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in which the severity of the method and the clearness of the exposition seemed to vie with the 
importance of the results, and, which excited in the mind of Ampère the most genuine enthusiasm. 
The public, a few years later, were surprised to find a very profound chemist in the professor of 
transcendental analysis in the Polytechnic School; but at that time nothing was known of the private 
readings in the Place des Cordeliers in Lyons. On examining the matter closely, you will 
find it rare, not to be able to discover in the lives of all men the thread, sometimes highly 
attenuated, connecting the excellences and tastes of a riper age with the impressions of youth. 

The marriage of Ampère took place the 15th Thermidor, in the year VII, (the 2d of August, 1799.) 
The family of Mademoiselle Carron having no faith in the sworn priests, the only ones then 
recognized by the civil law, considered it necessary to have the religious ceremony performed 
secretly. This circumstance, as will be readily understood, made a profound impression on the mind 
of the learned geometer.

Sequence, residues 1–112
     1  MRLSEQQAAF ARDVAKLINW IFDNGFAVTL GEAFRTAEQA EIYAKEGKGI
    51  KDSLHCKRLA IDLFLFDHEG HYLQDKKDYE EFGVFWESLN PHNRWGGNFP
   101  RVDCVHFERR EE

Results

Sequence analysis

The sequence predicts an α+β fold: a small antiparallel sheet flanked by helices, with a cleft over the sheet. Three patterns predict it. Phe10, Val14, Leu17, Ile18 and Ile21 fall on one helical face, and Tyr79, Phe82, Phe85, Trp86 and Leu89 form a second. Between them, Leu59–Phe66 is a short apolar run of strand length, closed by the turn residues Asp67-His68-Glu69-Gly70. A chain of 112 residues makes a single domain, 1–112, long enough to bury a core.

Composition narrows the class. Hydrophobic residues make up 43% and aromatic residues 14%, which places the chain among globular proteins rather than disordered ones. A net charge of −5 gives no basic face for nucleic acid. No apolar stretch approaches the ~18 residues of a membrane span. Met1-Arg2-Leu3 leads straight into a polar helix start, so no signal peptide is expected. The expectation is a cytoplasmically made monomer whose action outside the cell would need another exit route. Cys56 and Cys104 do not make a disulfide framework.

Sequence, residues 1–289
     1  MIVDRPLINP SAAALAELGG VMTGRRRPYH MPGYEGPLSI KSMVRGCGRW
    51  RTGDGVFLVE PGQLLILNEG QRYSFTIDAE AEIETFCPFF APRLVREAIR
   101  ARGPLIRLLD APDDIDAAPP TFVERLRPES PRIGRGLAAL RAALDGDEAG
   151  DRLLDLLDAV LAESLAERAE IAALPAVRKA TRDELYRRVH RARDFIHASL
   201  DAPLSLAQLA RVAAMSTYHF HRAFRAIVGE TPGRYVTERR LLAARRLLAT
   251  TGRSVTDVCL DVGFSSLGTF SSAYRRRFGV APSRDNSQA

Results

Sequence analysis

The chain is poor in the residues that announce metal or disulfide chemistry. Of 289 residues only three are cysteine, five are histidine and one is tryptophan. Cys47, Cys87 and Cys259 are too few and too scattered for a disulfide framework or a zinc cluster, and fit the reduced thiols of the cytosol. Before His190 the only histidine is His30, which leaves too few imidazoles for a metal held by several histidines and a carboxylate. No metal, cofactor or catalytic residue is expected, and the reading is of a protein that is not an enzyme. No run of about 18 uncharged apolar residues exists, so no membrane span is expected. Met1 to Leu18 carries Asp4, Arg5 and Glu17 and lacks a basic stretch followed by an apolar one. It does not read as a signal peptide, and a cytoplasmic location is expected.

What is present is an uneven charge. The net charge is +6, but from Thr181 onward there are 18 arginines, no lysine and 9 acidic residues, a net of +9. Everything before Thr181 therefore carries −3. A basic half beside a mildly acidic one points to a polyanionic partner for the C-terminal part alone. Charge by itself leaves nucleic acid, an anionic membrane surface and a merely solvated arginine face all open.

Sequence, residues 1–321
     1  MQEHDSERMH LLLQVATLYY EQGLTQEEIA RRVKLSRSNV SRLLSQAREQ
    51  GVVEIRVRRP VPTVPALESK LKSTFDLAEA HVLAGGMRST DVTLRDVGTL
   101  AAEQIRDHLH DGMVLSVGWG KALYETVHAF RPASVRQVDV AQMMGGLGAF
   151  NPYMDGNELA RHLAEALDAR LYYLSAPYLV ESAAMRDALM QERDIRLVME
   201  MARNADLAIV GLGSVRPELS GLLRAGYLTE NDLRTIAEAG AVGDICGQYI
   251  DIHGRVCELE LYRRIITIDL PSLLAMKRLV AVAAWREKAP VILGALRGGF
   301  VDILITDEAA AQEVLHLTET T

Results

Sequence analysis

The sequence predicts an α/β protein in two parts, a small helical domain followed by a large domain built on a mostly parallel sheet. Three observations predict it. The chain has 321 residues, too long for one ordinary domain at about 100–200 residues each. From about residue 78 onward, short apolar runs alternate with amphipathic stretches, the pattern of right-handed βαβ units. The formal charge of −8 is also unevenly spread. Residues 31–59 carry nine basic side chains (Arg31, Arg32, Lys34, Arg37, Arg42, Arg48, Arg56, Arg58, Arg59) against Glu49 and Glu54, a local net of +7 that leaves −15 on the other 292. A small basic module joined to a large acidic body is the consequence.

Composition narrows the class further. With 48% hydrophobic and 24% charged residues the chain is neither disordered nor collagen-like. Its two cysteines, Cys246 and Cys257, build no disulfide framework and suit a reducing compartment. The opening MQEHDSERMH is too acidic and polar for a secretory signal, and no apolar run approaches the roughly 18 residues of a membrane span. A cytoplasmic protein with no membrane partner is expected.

Ampère, now enjoying the fullness of a happiness which alas was destined soon to end, quietly 
divided his time between the pleasures of family and friendly intercourse and the direction of the 
mathematical studies of his private pupils. The 24th Thermidor, in the year VIII, (8th of August 
1800,) his happiness was increased by the birth of a son, who, though still young, ranks high among 
the élite of French literary writers, and bears with distinction an illustrious 
Our friend, now feeling the responsibilities of paternity, could no longer remain satisfied with 
the precarious living derived from the position of a private teacher; and, obtaining the chair of 
physics in the central school of the department of Aix, in the month of December, 1801, he repaired 
to Bourg, with a sad and sorrowful heart at the separation from his family, being forced to leave 
his wife, then seriously ill, at Lyons. 


The studies, plans, and investigations of M. Ampère up to this time had never been given to the 
public, but remained confined to the limited circle of a few friends. 
It seems unnecessary to make any especial exception of the two manuscript memoirs addressed to the 
Academy of Lyons. Now, however, the young savant began to reveal himself to the public, and, as 
might be expected, the first occasion was the discussion of a complicated and controverted question 
of most difficult solution. 
The vast field of mathematics embraces on one side abstract theories, and on the other their 
numerous applications. In the last form they interest the generality of men in the highest degree; 
whom we see, in all ages, seeking, suggesting, and proposing new applications, founded on 
observations of natural phenomena or the necessities of every-day life, thus giving the mere amateur 
the privilege of having his name honorably inscribed on the records of science. 

* Since dead.
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